Week 2: Jeep Grand Cherokee long-term update
This report should have been all about the Jeep Grand Cherokee’s ability off-road, but Facebook and a niggle with one of the Jeep’s active safety measures got in the way, writes Isaac Bober.
Car: Jeep Grand Cherokee Overland
Date arrived: January 13, 2014
Price paid: $71,000 (+ORC)
Delivery kilometres: 9052km
Current kilometres: 10,870km
Fuel consumption: 7.5L/100km (combined – claimed); 9.0L/100km (as tested)
Service costs: Nil
RIGHT, A WEEK OR SO AGO I SAID THIS REPORT would be all about how well our Jeep Grand Cherokee Overland handles our off-road test track, but then Facebook happened. See, last week, a friend of mine, knowing I’d collected the Grand Cherokee, sent me a link to a shock-horror video of a Grand Cherokee being put through its paces by Swedish magazine, Teknikens Varld.
The Grand Cherokee was tackling the dreaded Moose Test or, as we might call it, an emergency lane change. It’s the ultimate test of a vehicle’s electronic stability and anti-rollover mitigation systems. Well, and I’m sure you’ve probably seen this video too, the Grand Cherokee nearly rolled over. It was frightening stuff.
And then the magazine asked Jeep’s engineers to have a go. They plugged in computers and stood around scratching their heads. They just couldn’t get the car to do what it was meant to. But, you know what, that was the previous generation Grand Cherokee (and the test was done back in 2012), the one we’re driving has, as I discovered, and, as almost no-one has reported on, been tested by Teknikens Varld (see the video link below) and passed with flying colours.
While Jeep hasn’t said what it changed in the model update, it’s certainly done something because, as Teknikens Varld said in its report late last year, “at 71km/h (44.1mph) the car reaches its limit, the car cannot master more than that … But it’s a good result for a SUV vehicle, no doubt about that. It is also a clear sign that Jeep understood the seriousness of the previous generation’s severe flaws and did something to it”.
What about people who own the previous generation Grand Cherokee? Well, this is where things get interesting. Not long after the Grand Cherokee dramatically failed the original Moose Test in 2012, in fact just weeks later, Germany’s Auto, Motor und Sport magazine tested the Grand Cherokee according to German Automotive Manufacturer Association standards and concluded that the Grand Cherokee wouldn’t rollover.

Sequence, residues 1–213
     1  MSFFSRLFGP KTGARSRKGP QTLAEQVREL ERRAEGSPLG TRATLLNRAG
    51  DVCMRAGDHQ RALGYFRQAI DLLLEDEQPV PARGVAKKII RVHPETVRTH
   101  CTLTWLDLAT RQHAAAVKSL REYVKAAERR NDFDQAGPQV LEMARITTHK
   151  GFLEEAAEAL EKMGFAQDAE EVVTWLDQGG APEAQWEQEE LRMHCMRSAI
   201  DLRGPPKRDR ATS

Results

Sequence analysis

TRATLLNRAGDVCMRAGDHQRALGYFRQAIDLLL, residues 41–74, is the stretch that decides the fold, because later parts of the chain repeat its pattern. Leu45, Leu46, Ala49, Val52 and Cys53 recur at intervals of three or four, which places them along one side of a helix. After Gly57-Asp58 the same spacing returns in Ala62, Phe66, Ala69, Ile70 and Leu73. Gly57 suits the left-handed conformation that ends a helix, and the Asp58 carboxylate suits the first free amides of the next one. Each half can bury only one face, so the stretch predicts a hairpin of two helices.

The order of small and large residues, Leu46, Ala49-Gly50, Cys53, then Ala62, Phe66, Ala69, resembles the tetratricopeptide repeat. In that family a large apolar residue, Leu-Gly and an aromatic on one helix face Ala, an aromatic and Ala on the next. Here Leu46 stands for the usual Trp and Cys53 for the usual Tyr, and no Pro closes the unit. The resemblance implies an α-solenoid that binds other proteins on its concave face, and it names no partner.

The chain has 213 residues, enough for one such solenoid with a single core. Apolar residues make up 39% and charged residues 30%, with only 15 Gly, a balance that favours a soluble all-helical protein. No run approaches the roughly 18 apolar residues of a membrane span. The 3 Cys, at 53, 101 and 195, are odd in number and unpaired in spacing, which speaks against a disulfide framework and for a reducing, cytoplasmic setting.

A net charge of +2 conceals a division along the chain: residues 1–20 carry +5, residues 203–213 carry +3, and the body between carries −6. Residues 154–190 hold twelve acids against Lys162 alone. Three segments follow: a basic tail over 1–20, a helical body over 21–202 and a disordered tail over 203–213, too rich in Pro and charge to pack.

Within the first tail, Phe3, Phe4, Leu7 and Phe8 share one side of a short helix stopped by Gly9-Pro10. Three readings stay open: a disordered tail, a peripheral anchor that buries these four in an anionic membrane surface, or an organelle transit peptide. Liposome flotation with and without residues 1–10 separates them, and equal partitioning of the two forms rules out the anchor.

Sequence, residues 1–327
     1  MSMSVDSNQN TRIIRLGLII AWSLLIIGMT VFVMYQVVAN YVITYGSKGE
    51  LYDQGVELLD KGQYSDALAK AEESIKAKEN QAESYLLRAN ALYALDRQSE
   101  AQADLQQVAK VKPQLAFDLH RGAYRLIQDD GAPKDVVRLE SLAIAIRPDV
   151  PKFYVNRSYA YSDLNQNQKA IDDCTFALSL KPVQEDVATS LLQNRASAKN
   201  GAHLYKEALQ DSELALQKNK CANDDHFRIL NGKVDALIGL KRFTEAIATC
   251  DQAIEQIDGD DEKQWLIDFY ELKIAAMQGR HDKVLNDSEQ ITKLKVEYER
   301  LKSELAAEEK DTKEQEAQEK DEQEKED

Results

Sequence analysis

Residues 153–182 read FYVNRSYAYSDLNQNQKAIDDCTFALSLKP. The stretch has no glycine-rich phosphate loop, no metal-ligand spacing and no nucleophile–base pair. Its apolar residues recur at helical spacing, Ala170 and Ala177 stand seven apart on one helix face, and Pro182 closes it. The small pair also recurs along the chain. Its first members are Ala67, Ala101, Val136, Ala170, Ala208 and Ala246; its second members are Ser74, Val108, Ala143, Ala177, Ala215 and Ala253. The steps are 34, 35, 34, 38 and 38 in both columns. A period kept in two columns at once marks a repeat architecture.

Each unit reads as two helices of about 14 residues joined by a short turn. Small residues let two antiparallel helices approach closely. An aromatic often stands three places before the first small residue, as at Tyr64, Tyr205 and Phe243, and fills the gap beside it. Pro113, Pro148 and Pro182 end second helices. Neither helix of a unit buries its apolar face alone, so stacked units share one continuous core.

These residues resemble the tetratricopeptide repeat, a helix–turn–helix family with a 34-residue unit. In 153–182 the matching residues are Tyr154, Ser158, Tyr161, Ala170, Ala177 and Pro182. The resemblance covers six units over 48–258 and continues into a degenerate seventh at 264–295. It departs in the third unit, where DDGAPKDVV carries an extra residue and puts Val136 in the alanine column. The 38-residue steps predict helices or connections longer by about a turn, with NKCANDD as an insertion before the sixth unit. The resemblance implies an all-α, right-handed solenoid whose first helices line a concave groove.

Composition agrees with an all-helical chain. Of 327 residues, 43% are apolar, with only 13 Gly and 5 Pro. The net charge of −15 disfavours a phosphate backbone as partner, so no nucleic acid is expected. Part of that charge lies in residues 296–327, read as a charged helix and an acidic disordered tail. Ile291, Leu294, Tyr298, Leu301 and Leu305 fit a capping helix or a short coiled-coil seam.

Moments later, Jeep issued public statements spruiking the video-free results of the German publication’s test, stating its results confirmed its theory that the Grand Cherokee used in the Teknikens Varld Moose Test was overloaded.
Watching the original video when it appeared on my Facebook page got me thinking a little about some of the safety aspects of the Grand Cherokee I’m testing. Now, while it doesn’t achieve a five-star ANCAP crash safety rating (although the last time it was tested was back in 2011), scoring 29.95 out of 37, there’s no doubting the GC I’m in is literally loaded to the gunwales with safety kit. But one in particular has got me so spooked I’ve switched it off until I’ve got time to properly figure it out.
Before I get to that, let’s try and explain why the Grand Cherokee only gets four stars. Simple. It, when the ANCAP assessment team considered the numbers from the EuroNCAP crash test (an Australian-specific model hasn’t been tested here), failed the offset crash test, scoring 9.95 out of 16, with ANCAP concluding there was an increased risk of danger to both driver and passenger. It’d be interesting to see how this new car rates.
Anyway, back to my concerning safety feature. It is the Forward Collision Warning (FCW). This system, according to the press guff, uses radar sensors that detect when your vehicle may be approaching another too rapidly, alerting you with an audible chime and then automatically touching the brakes if it thinks you didn’t pay attention to the chime. It’s only standard-fit on the Overland.
Now, I would recommend this feature, of course I would, if it reduces your chances of having a crash then it’s a good thing. But, in my first week with the Overland I noticed that on one particular corner on my run into the office the system would activate. Yep, on a corner. And it wasn’t just the audible alert, either. No, it was the full touch of the brakes. On a corner. I can’t tell you how freaked out I was the first time it happened, I mean, I thought the car had spotted something I hadn’t.
Nope, rather the car’s radar was over-reacting to a concrete barrier on the outside of the corner (there are roadworks going on and the contractors have placed those temporary barriers on the side of the road). Sure, the barriers are close to the road, but they’re on a corner.
I’ve turned the system off for the time being and I’m waiting to hear back from Jeep about whether the system is maybe a little too sensitive, or whether it should be calibrated to determine that if the wheels are turned then I’m obviously steering around whatever it thinks might be in front of me. Hmm.
Until I get a response from Jeep, I’d be interested to hear from anyone who might own a Jeep Grand Cherokee with Forward Collision Warning about whether you’ve experienced anything similar.
So, you shouldn’t always believe what you see in your Facebook timeline and, nor should you take the words of one test site, with the exception of Practical Motoring, without Googling around to see what else you can find. What’s most interesting is that people, friends even, would find an out-of-date video, and create a scare campaign about a car that may or may not actually have a safety problem…